Is there a lesson about what insurance does and doesn’t cover in the indictment of Elizabeth Holmes, the once high-flying founder of the lab-testing company Theranos?
Of course there is.
The background first, though. Holmes and the company’s former president, Ramesh Balwani, were indicted on June 15 for allegedly defrauding investors out of hundreds of millions of dollars as well as deceiving patients and doctors.
The indictments came about three months after the SEC filed civil fraud charges against the two.
Holmes, in case you missed the story, was a Silicon Valley star, promoting what she claimed as a simple blood test that would revolutionize health care. The Wall Street Journal, however, exposed her with reporting that revealed flaws in the company’s technology.
Holmes and Balwani now face two counts of conspiracy to commit wire fraud and nine counts of wire fraud. The indictment alleges the two knew that many of their representations about the company’s blood analyzer were false. They lied, prosecutors said, about the capability of their technology, about revenues, about their clients.
For us, the case raises an important point about directors and liability insurance policies.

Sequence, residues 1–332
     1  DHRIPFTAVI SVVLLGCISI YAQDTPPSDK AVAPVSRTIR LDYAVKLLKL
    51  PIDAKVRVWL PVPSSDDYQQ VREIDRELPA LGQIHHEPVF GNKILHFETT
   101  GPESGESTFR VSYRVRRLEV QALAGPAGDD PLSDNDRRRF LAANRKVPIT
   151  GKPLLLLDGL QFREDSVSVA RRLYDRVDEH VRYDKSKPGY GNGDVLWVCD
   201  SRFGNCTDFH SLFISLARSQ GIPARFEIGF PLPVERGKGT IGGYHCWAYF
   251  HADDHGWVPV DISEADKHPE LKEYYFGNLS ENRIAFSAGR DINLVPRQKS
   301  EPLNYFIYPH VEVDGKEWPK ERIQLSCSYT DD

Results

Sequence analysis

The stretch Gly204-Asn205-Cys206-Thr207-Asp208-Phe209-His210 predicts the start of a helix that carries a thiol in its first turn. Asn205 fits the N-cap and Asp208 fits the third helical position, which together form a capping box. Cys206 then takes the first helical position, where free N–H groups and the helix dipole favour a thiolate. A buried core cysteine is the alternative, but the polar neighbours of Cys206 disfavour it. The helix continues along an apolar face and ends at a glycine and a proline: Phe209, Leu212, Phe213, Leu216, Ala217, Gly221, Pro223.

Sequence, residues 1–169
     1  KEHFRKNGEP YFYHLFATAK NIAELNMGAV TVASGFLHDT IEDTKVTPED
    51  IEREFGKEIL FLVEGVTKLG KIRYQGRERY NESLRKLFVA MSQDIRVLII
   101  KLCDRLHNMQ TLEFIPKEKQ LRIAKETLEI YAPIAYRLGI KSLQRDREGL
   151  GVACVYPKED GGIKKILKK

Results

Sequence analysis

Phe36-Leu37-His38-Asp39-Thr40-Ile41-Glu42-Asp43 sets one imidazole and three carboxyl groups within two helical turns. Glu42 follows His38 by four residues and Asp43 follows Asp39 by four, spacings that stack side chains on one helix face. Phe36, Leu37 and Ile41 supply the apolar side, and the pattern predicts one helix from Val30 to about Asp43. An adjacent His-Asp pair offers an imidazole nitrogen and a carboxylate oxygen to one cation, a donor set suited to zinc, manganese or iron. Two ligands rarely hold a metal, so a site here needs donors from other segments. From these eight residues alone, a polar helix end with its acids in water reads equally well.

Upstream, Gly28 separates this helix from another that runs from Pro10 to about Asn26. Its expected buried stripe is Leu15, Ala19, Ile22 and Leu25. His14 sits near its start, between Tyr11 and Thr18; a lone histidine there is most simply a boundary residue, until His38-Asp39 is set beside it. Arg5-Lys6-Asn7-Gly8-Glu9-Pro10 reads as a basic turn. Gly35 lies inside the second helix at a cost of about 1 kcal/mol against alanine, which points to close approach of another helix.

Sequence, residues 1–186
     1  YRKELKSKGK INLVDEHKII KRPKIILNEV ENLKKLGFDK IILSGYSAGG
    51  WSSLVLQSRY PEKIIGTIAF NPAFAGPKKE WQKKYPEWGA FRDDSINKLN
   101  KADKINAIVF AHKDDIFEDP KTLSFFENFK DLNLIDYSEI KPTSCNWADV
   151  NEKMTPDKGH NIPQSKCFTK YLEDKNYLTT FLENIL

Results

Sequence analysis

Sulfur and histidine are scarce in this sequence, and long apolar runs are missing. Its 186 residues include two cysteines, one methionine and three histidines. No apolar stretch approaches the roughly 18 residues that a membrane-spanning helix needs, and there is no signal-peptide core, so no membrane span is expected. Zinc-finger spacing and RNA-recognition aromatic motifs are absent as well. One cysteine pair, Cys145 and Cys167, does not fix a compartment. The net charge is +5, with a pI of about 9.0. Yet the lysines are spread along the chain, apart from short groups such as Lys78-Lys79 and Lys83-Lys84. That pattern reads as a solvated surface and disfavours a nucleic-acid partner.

D&O covers directors and officers for claims made against them while serving on a board of directors or as an officer of a corporations. Any business with a corporate board or advisory committee should consider D&O insurance. Indeed, it can be written to cover the directors and officers of for-profit businesses, privately held firms, not-for-profit organizations and educational institutions.
In effect, D&O policies function as management “errors and omissions liability insurance,” covering claims resulting from managerial decisions that have negative financial consequences.
Directors and officers are sued for a variety of reasons related to their company roles, including:
Illegal acts or illegal profits, however, are not covered under D&O insurance. In fact, these policies typically include a securities liability exclusion that precludes coverage for claims against the company and its executives alleging violations of securities laws. In other words, fraud and deliberate criminal acts by directors and officers are not covered.
So, was what Holmes and Balwani did illegal? The justice system will decide that. As a general rule, an insurer will defend an executive on the basis that they are innocent until proven guilty. But any D&O policy that Theranos might have had in place isn’t likely to pay should Holmes and Balwani be found guilty.
Brian Parks is CCIG’s Commercial Lines Sales Director. Reach him at 720-330-7923 or BrianP@thinkccig.com.
CCIG is a Denver-area insurance brokerage with the full-service capabilities of a national brokerage. We do more than make sure you have the right policy. We help you manage your long-term cost of risk with our risk and claims management expertise and a commitment to service excellence.
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